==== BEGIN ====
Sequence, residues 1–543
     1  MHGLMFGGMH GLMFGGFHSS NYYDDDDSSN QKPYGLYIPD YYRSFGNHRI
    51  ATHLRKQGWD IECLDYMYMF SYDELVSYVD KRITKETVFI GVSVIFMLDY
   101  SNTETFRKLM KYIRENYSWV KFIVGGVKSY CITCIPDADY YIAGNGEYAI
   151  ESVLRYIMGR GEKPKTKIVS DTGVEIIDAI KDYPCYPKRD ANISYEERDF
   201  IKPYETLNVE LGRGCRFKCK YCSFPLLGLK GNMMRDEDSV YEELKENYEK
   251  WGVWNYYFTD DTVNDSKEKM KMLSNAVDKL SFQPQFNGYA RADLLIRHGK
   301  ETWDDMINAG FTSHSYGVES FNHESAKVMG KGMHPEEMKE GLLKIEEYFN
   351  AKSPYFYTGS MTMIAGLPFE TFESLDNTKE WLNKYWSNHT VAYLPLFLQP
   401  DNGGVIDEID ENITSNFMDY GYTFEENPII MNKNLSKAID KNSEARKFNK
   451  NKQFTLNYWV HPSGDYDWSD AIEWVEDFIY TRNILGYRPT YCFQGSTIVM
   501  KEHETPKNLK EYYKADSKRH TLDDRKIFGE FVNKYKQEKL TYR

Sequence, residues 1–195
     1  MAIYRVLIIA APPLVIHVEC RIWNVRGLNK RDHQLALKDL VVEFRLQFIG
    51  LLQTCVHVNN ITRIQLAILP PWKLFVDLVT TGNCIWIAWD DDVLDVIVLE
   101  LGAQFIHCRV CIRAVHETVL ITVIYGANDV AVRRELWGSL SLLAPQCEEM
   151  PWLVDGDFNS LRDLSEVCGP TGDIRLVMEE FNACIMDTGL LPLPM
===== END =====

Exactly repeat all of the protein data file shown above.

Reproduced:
Sequence, residues 1–543
     1  MHGLMFGGMH GLMFGGFHSS NYYDDDDSSN QKPYGLYIPD YYRSFGNHRI
    51  ATHLRKQGWD IECLDYMYMF SYDELVSYVD KRITKETVFI GVSVIFMLDY
   101  SNTETFRKLM KYIRENYSWV KFIVGGVKSY CITCIPDADY YIAGNGEYAI
   151  ESVLRYIMGR GEKPKTKIVS DTGVEIIDAI KDYPCYPKRD ANISYEERDF
   201  IKPYETLNVE LGRGCRFKCK YCSFPLLGLK GNMMRDEDSV YEELKENYEK
   251  WGVWNYYFTD DTVNDSKEKM KMLSNAVDKL SFQPQFNGYA RADLLIRHGK
   301  ETWDDMINAG FTSHSYGVES FNHESAKVMG KGMHPEEMKE GLLKIEEYFN
   351  AKSPYFYTGS MTMIAGLPFE TFESLDNTKE WLNKYWSNHT VAYLPLFLQP
   401  DNGGVIDEID ENITSNFMDY GYTFEENPII MNKNLSKAID KNSEARKFNK
   451  NKQFTLNYWV HPSGDYDWSD AIEWVEDFIY TRNILGYRPT YCFQGSTIVM
   501  KEHETPKNLK EYYKADSKRH TLDDRKIFGE FVNKYKQEKL TYR

Sequence, residues 1–195
     1  MAIYRVLIIA APPLVIHVEC RIWNVRGLNK RDHQLALKDL VVEFRLQFIG
    51  LLQTCVHVNN ITRIQLAILP PWKLFVDLVT TGNCIWIAWD DDVLDVIVLE
   101  LGAQFIHCRV CIRAVHETVL ITVIYGANDV AVRRELWGSL SLLAPQCEEM
   151  PWLVDGDFNS LRDLSEVCGP TGDIRLVMEE FNACIMDTGL LPLPM